The Rose & Crown pub is easily missed, situated in a lane off the High Street built in the 1480s, parts of this beautiful pub date back to Tudor times. The pub has historic timbers everywhere, an original internal well and a cosy open log fire. The single bar has low beams and an inglenook fireplace.
We offer a good selection of Harvey’s beers and a good choice of English and continental dishes made with locally-sourced produce.
Four en-suite letting rooms to make your stay enjoyable and with two pretty gardens it’s the perfect spot for lunch after a visit to Kipling’s nearby home.
While you stay with us you might like to consider visiting some local attractions:
–Bateman’s (National Trust) Burwash, Rudyard Kipling’s former home
Rudyard Kipling was one of Britain’s most prolific short-story writers, a poet and novelist.
–Battle Abbey (English Heritage), Battle. Stand on the spot where Harold was slain or view the annual re-enactment of the battle each October
– Bodiam Castle is only 20 minutes drive away,
– Herstmonceux Castle and Pevensey Castle are both close to the place where invading Norman French landed in 1066, only a few miles away from our pub B&B across beautiful countryside.
– Hastings, Tunbridge Wells and the A21, a convenient route up to London, are all within very easy reach.
– The coast is a short drive away and there is plenty for the kids to do nearby too.
The village of Burwash is well worth a visit. Most of the High Street lies within a Conservation Area, and there are many beautiful period houses and buildings.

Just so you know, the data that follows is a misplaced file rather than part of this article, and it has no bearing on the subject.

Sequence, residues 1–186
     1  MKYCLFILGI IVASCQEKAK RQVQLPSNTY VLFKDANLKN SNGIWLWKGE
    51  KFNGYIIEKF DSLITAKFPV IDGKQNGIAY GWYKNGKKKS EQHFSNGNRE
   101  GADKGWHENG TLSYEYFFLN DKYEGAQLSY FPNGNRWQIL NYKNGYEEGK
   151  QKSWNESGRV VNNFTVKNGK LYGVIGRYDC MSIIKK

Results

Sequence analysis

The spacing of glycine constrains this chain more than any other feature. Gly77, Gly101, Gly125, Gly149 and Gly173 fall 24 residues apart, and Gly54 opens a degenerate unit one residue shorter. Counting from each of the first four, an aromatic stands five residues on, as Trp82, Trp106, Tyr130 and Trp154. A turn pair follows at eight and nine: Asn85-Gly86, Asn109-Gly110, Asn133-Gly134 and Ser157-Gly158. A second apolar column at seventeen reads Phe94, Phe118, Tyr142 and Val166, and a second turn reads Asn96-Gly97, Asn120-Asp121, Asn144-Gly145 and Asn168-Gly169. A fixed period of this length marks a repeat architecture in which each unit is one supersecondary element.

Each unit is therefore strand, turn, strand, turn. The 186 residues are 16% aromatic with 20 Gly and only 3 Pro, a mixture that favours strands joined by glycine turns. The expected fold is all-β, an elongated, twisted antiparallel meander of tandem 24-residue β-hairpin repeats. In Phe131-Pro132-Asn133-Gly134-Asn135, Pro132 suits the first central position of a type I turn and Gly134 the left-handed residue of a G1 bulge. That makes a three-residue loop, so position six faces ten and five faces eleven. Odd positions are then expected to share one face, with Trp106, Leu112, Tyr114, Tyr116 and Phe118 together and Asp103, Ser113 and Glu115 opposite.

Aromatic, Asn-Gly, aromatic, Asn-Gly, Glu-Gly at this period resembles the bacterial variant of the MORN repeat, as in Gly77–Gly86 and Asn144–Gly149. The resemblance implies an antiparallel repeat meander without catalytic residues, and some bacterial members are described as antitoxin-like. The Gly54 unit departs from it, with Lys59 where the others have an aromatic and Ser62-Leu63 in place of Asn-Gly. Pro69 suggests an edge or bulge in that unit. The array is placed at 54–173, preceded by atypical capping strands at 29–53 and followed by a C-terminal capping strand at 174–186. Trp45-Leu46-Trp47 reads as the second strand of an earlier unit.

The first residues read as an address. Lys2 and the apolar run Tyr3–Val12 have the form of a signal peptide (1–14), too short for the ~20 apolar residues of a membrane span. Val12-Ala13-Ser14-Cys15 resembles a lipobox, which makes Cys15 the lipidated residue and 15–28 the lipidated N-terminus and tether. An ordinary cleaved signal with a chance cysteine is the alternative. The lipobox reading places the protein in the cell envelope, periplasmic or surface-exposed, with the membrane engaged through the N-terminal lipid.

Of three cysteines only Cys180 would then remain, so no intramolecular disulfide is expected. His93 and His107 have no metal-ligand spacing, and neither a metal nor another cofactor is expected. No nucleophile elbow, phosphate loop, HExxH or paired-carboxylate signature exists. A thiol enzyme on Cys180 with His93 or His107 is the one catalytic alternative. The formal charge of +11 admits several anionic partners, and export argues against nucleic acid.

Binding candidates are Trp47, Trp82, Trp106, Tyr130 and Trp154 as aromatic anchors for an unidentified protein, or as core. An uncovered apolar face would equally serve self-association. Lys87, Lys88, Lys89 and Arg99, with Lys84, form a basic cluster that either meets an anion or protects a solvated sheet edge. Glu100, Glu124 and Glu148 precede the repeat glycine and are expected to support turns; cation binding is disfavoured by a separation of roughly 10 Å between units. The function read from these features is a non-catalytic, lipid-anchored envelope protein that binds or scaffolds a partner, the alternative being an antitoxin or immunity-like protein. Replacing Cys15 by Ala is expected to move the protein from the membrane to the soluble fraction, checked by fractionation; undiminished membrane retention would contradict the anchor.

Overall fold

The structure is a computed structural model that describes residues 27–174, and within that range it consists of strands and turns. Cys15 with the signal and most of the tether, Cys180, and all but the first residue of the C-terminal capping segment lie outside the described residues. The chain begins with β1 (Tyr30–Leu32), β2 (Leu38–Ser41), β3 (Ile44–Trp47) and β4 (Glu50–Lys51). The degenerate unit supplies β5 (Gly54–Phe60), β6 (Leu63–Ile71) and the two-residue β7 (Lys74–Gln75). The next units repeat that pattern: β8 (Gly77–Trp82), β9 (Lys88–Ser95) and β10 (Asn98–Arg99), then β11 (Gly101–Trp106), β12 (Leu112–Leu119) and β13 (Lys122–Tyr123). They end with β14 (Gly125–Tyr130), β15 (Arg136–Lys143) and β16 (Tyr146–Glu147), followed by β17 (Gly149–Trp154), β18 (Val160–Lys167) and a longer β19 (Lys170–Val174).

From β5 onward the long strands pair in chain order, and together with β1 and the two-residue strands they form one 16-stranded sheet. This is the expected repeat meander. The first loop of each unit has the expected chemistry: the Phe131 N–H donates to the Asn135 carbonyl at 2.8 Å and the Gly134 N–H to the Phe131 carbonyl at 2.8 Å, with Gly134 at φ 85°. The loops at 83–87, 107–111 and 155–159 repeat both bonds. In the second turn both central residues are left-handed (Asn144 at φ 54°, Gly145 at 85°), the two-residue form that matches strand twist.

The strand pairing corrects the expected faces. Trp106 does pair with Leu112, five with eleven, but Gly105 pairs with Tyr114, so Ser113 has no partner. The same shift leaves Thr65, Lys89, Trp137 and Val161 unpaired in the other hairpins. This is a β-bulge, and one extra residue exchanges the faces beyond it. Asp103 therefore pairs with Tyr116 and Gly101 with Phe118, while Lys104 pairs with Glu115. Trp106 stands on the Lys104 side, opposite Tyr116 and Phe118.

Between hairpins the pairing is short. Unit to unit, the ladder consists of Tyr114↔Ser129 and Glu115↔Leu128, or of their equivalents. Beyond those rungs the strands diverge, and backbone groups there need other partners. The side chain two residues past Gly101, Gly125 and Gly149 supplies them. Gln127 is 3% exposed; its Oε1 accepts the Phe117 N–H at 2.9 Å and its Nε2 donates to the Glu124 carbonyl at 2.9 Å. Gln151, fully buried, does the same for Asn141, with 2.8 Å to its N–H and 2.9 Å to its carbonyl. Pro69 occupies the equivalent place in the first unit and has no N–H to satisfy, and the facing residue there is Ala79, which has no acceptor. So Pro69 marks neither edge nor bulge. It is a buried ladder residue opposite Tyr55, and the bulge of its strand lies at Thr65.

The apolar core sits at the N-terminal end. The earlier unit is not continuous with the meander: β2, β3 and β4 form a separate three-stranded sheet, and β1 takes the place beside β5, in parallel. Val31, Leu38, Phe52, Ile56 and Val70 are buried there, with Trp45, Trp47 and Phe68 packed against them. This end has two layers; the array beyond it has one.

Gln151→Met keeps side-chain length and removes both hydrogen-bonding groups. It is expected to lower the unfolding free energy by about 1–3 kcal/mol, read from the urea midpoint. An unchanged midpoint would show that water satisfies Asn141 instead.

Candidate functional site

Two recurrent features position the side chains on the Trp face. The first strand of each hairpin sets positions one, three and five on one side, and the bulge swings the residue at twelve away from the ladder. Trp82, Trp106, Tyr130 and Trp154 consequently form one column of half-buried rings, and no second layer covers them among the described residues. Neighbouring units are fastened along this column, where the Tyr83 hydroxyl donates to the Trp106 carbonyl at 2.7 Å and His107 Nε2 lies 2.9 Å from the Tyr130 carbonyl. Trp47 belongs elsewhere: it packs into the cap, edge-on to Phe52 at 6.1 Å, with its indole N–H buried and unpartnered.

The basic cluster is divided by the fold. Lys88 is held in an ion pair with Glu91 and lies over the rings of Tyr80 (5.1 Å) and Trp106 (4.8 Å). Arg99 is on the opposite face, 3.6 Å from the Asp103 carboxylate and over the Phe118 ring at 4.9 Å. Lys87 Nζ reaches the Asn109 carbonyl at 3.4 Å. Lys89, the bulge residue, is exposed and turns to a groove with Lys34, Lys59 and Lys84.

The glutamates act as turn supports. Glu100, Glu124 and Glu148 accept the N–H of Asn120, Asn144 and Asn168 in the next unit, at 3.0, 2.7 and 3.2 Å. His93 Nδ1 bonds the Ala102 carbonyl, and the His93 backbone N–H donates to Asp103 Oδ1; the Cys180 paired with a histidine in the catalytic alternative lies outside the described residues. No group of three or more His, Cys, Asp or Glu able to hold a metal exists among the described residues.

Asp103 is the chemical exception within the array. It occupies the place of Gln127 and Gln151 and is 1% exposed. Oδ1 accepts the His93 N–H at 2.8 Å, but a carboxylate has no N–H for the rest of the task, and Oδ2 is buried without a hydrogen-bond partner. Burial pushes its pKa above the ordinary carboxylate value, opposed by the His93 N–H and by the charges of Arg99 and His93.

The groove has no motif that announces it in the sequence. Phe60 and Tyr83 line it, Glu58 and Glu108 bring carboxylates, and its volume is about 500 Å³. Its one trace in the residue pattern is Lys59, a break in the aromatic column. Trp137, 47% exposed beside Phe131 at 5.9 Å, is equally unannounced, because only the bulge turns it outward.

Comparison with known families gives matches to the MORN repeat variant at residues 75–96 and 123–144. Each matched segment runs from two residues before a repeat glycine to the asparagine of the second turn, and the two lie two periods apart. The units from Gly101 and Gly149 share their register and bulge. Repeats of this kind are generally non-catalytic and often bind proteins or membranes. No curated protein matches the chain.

The origin of the name of the village has evolved from Burherce in the 12th Century to Burghesse in the 13th, Burgherssh or Burwash in the 15th, Burrishe in the 16th and the modern Burwash in the 17th Century. It is said to mean, in old English, a stronghold, BURR, with a stubble field, ERSE, but there are other theories such as “town in the forest” or “fortified hill in the woods” using two different meanings of BURGH and HURST.
The oldest building in the village is St Bartholomew’s Church and parts of the Norman original (1090) can be seen today and the oldest house in the village is Chateaubriand (1375) but in most of the High Street the old buildings are hidden behind the Georgian tiles. Burwash grew steadily in the 11th and 12th Centuries and its status as a local trading centre was recognised in 1252 when King Henry III authorised a weekly market and a three day fair in May. These markets continued until the 20th Century and the tradition is perpetuated by the annual village fete on the August Bank Holiday following St Bartholomew’s day (August 24th).
At one time there were at least seven public houses plus official and unofficial ale houses but gradually they have been reduced to two the Rose and Crown and the Bear, all of which retain many of their original features.